"You are six kilos over the limit with your large backpack, Mr. Jacobs,” says the airline counter worker at the Cairo airport. “Please place your carry-on bag onto the scale.”
I say to myself, “Ah, man, this is going to be ugly.”
I had placed as much weight as I could into my carry-on bag; my thinking was they would never weigh it.
“You’re carry-on bag is 14 kilos over the limit. This makes you 20 kilos over the weight limit, sir.”
“Whoops,” I say, trying to smile and calculate kilos to pounds in my head at the same time. Forty-two pounds over weight isn’t just a little past the limit.
After a brief conversation with a manager, the woman tells me with a smile to check on my second bag and they would not charge me for the excessive weight.
“Thank you,” I say with a large beaming smile. What a fitting way to say goodbye to Africa; it has been one surprise after another.
Landing in Belgium was like going through some type of time machine. Europe is so clean, orderly and predictable.
Catching the last train from Brussels for Amsterdam, I squeeze through the door to find a open seat. People stare at me like I am from some other world. I suppose I do look a little different walking around a European train in my safari hat, tan skin, huge blue backpack and half-shaven face.
It’s impossible for me to tell them what is going on inside my heart at the moment. It’s a type of reverse culture shock, combined with a sense that something profound happened over the last six months. Flowing within me is a sense of gratitude that something special has been accomplished.
As people blankly stare at me, I find myself longing for the less orderly train rides of Africa, where the passenger doors often remain open, allowing one to watch the scenes of life drift by just beyond reach. Or the stream of hot wind blowing my hair and earthy smells of farms filling my lungs, all those crazy things that make Africa such a rich experience.
For a couple of weeks I visit friends in Holland and Germany as I make a transition from Africa to Europe.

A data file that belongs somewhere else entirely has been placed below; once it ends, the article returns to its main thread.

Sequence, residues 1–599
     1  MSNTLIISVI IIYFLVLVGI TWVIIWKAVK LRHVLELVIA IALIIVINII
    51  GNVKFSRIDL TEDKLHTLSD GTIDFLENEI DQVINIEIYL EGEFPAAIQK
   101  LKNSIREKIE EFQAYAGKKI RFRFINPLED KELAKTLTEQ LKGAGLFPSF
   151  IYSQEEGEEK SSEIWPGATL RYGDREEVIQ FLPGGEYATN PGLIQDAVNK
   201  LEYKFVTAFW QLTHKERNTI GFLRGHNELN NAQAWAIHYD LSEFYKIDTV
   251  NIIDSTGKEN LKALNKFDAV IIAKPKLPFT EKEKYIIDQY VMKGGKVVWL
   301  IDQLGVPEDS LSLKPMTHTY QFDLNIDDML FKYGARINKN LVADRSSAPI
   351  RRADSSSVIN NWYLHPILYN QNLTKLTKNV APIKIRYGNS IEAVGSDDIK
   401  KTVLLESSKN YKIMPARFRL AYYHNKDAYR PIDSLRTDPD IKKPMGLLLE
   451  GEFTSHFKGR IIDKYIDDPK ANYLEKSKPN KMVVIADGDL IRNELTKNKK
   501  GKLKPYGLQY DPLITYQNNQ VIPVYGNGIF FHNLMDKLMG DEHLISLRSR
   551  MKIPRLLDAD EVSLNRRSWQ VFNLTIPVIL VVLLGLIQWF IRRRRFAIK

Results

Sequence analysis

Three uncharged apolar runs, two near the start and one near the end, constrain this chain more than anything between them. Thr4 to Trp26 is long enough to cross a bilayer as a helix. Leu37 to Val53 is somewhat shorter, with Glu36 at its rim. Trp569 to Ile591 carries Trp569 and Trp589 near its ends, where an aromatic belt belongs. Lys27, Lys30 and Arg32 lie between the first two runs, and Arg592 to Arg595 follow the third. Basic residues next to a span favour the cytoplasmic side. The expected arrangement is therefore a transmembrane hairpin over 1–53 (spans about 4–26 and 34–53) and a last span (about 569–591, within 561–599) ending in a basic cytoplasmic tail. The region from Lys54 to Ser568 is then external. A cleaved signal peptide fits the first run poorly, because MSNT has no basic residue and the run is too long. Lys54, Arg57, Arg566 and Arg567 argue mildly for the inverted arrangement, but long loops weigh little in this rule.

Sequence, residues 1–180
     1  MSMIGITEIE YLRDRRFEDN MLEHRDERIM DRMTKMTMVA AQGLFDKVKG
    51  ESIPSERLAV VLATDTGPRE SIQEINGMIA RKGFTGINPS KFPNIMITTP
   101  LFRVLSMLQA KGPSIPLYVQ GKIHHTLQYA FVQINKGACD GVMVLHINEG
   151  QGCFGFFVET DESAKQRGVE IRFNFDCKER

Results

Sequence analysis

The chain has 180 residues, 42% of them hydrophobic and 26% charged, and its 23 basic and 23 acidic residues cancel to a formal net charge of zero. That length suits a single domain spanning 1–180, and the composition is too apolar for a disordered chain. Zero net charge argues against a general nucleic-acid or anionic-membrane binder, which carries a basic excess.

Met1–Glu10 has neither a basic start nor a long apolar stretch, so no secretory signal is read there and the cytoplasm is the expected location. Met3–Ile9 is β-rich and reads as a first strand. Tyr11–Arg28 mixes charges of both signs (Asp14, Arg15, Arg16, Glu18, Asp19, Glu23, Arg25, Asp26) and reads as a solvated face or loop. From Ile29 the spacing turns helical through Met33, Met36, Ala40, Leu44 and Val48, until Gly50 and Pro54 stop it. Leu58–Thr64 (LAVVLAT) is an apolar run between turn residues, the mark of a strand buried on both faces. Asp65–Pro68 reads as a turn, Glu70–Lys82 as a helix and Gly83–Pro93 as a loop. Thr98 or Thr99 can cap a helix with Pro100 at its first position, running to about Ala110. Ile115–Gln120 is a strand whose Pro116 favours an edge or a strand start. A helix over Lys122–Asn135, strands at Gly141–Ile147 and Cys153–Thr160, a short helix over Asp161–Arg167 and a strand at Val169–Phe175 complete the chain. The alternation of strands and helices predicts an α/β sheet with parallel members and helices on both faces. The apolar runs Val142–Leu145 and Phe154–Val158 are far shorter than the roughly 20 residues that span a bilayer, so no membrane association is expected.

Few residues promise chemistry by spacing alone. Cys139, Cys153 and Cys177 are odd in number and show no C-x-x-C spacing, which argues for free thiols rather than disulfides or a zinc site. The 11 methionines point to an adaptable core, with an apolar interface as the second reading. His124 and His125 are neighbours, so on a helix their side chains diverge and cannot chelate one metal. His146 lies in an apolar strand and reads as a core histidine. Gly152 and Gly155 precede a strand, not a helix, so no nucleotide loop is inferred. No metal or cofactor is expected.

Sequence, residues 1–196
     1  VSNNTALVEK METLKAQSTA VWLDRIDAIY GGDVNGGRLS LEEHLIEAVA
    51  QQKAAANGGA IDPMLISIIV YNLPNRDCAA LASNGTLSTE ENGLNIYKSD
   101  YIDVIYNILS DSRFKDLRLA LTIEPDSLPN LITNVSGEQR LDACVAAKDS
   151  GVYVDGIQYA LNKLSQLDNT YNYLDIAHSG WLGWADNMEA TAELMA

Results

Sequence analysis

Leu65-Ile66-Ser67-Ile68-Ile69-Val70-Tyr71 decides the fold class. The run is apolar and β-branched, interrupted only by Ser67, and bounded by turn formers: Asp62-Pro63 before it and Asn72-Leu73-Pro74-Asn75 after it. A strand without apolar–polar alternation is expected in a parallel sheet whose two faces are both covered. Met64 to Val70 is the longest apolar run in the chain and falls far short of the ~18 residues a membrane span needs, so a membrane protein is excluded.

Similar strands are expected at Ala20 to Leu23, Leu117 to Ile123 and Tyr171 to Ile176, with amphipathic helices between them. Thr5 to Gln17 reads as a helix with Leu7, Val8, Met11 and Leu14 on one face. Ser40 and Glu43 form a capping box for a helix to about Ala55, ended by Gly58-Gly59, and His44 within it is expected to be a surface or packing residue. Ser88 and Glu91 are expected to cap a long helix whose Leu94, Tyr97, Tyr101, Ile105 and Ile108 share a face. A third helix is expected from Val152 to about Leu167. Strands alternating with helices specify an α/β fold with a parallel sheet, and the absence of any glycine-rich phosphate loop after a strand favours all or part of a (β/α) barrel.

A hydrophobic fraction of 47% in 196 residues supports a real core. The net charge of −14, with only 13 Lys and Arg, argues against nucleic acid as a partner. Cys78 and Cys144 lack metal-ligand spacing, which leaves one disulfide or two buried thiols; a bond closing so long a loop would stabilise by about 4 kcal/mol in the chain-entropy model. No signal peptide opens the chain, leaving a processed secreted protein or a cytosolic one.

In the countryside not far from Heinsberg, Germany, my friends, the Volkners, live in a warm and inviting home. I step out one afternoon to enjoy the warm fall air and to take photos.
Walking down a country road, I notice an elderly man riding his bicycle down the brown dirt lane worn by tires of farmers who use it to work the surrounding fields. Summer greens stubbornly hang on as the hint of fall begins to reveal itself in a few brown leaves of various trees.
I snap some photos as the bicycle slowly approaches where I am standing.
When the man reaches me, I smile and say hello. He stops and speaks in German. I apologize, saying I can only understand English.
“Sorry my English is no good,” and then says, “where are you from?”
“America,” I reply.
“Where in America?”
“Oh, I’ve been to Nebraska.”
“You have?” I say with a surprise in my voice.
“Yes, I once spent two years of my life there. It was during the big war. After being captured I was sent to a prison camp in Nebraska. My name is Hoebin, and last week was my birthday; I just turned 82,” he says with a smile.
My attempts to ask him where in Nebraska he spent those two years are always followed by the same response: “My English is not so good, sorry.”
I wish Hoebin happy birthday, and tell him he is always welcome to come back to Nebraska as a friend.
Standing there, I ponder what the chances are of meeting a man in the middle of the countryside who spent two years of his life in a Nebraska prisoner of war camp. I take it as a sign that I’m in the right place. It is time to prepare for Russia.
I wave goodbye, as he smiles and slowly pedals his bike back toward home.